That an anti-intellectual, corrupt Wisconsin governor would degrade Wisconsin's 167-year-old, massive public research institution is so repellent that this week the faculty of the University of Wisconsin-Madison declared "no confidence" in the University System's Board of Regents.
University of Wisconsin System faculty carry the fight in defense of
public education and the Wisconsin Idea against Scott Walker
and state Republicans
Similar resolutions are expected around the state at other UW System institutions including Milwaukee and Eau Claire, (Schneider, Capital Times).
The Board of Regents is overwhelmingly composed of members vetted for allegiance to Republicans' anti-public education objectives, (Mal Contends).
Most alumni and Wisconsin citizens acclaim the University System. It's part of the Wisconsin culture.
"I applaud the actions of the faculty. The UW System has been built over generations, and to watch a disingenuous and benighted governor and his political party try to tear down our university system hits at the heart of our state," said Jackie Captain, (MA in Art History, (1986)), a native of Wisconsin Rapids.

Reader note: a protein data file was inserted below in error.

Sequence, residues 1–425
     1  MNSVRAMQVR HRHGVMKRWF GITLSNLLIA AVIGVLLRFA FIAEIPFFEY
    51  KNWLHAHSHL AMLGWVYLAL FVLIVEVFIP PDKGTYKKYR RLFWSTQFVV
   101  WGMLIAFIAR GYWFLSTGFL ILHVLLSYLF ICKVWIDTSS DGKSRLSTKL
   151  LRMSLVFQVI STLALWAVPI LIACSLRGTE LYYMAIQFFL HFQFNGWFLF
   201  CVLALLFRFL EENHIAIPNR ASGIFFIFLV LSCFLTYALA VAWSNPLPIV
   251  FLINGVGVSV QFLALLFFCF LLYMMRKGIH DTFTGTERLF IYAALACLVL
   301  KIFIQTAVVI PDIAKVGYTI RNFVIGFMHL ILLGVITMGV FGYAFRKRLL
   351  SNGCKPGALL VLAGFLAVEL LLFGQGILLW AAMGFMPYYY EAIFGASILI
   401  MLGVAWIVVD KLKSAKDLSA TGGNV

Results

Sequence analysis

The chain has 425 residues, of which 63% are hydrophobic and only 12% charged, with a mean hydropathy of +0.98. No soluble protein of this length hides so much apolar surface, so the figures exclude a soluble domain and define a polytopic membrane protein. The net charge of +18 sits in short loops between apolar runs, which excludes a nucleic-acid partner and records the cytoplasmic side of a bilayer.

Walker's project has drawn derision from across the country as well, (Talking Points Memo).
Writes Josh Marshall in a follow-up piece on Walker and higher education last summer:
A big part of what is happening here is that, to people like Walker, Madison is an anchor of Wisconsin liberalism. But not just liberalism in the partisan political sense, also scarier things like empirical thinking and new ideas. And it's not just the humanities. What really comes out in this article is how much of the scythe is aimed at the sciences.Walker hopes, and some UW administrators fear, that open discussion of Walker and the Republican Party of Wisconsin's efforts to destroy the University of Wisconsin System will hasten its demise, hence the best public relations strategy is to keep what Republicans are doing hush-hush. There is also an attendant fear not to antagonize the vindictive governor.
This is of course a foolish strategy, and UW administrators ought be appealing loudly and publicly to a population that does not share Scott Walker's aversion to letters and science, the arts and public education.
Such a campaign each day could feature an accomplishment of the University of Wisconsin System and daily testimony from alumni pitched aggressively to local daily newspapers and broadcast news always hungry for inexpensive local coverage. Social media is certainly under-utilized.
While behind the scenes the UW-System staff are working and mobilizing supporters to a limited extent, a total and innovative mobilization has not been achieved to this point.
War has been declared on public education by Wisconsin Republicans. It's past time to employ all the resources available against the enemy.